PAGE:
@Apti  said it best!! I don't bake for my family I don't even offer up anything except our practice leftovers why bc they are not my target market. We were asked to do things for my husbands side of the family and we said we were too busy to take anymore orders why because we aren't marketing to them and there is a level of expectation among some family members/friends that we aren't willing to deal with. We don't have a friend or family discount. I do cookies for my neighbor and her sister often and I do them for a lesser price bc I do a simple iced cookie not my normal hand piped ones bc they ship them (to family) and don't want all my hard worked ruined in shipping. But that price is for them only and I don't offer that to anyone else. And when they want cookies hand piped they pay the full price. So they order both often. Maybe I'm just fortunate to have good customers from the start. There are people out there willing to pay what your work is worth. My husband always says don't be afraid to charge what we're worth they'll either say yes or no and either way it's ok. Do you have a basic price list in place? If not I highly recommend having one and referring people to it weeds out some of the awkwardness if your prices don't fit in their budget. I basically say this is the price per item tiered cakes are consider custom, the price reflects that and each tiered cake will be priced according to the specifics of that order. 

ever since I put clear pricing and terms on custom orders people who email or call know what they want and know it will cost more  before I was dealing with people not having a clue about how much things would cost  even though I had a menu it wasn't clear enough. I'd make some price list and hand them out to potential customers as well as family and friends and  stick to your prices!!!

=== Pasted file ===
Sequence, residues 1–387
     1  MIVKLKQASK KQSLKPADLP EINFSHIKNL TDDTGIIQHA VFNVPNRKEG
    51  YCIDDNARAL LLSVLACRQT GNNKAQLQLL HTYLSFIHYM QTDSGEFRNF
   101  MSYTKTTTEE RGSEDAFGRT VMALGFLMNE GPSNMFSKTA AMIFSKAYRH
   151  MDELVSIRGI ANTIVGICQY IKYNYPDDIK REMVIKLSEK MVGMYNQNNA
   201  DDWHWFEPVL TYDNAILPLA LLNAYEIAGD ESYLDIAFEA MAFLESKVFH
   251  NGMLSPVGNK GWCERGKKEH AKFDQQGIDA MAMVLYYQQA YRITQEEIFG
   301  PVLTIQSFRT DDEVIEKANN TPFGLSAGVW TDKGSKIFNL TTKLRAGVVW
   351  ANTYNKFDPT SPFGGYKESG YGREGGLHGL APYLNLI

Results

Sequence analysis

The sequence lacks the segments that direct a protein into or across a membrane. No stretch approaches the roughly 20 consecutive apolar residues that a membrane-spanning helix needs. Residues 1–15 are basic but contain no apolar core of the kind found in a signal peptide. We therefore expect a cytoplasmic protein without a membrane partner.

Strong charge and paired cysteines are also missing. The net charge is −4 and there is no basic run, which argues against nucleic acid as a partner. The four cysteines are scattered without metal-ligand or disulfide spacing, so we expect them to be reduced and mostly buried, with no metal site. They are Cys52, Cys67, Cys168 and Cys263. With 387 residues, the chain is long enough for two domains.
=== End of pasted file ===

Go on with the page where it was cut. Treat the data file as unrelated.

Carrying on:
Also one big thing I learned is to ask when taking orders or quotes is ask if they have a specific price point or budget. Then you know what your peramrters are and whether it's even worth the time quoting them. That also eliminates the nail biting wait to see what they'll say about your price you put something together in their price range they can't argue with you on their budget. Starting out is hard and it doesn't help when people especially family balk at your prices but understand that there are people out there who appreciate what we do you just have to find them :) 

costumeczar Posted 9 Nov 2015 , 6:08pm
post #5 of 8

You have to set your prices based on your expenses, what your hourly wage is and what your profits should be. Other people have no idea what those things are, so don't bother asking them for advice. 

And family is the worst. My husband stays totally out of my business unless I specifically ask him his opinion on something. I don't give him advice on how to do his job, and he knows better than to try to tell me how to do mine! If you set your pricing correctly you should have no reason to ask anyone's feedback on it, especially someone who has no knowledge of your business situation.

Pastrybaglady Posted 9 Nov 2015 , 6:40pm
post #6 of 8

Is the $120 just for the cake or the cookies AND the cake?

TheSconeRanger Posted 9 Nov 2015 , 8:33pm
post #7 of 8

120 just for the cake. I charged her 30 for the cookies.

Pastrybaglady Posted 9 Nov 2015 , 9:29pm
post #8 of 8

It's still a really good deal for them, but if your cookies are decorated you are way undercharging.  If they don't go for it don't feel bad, they are not your customers.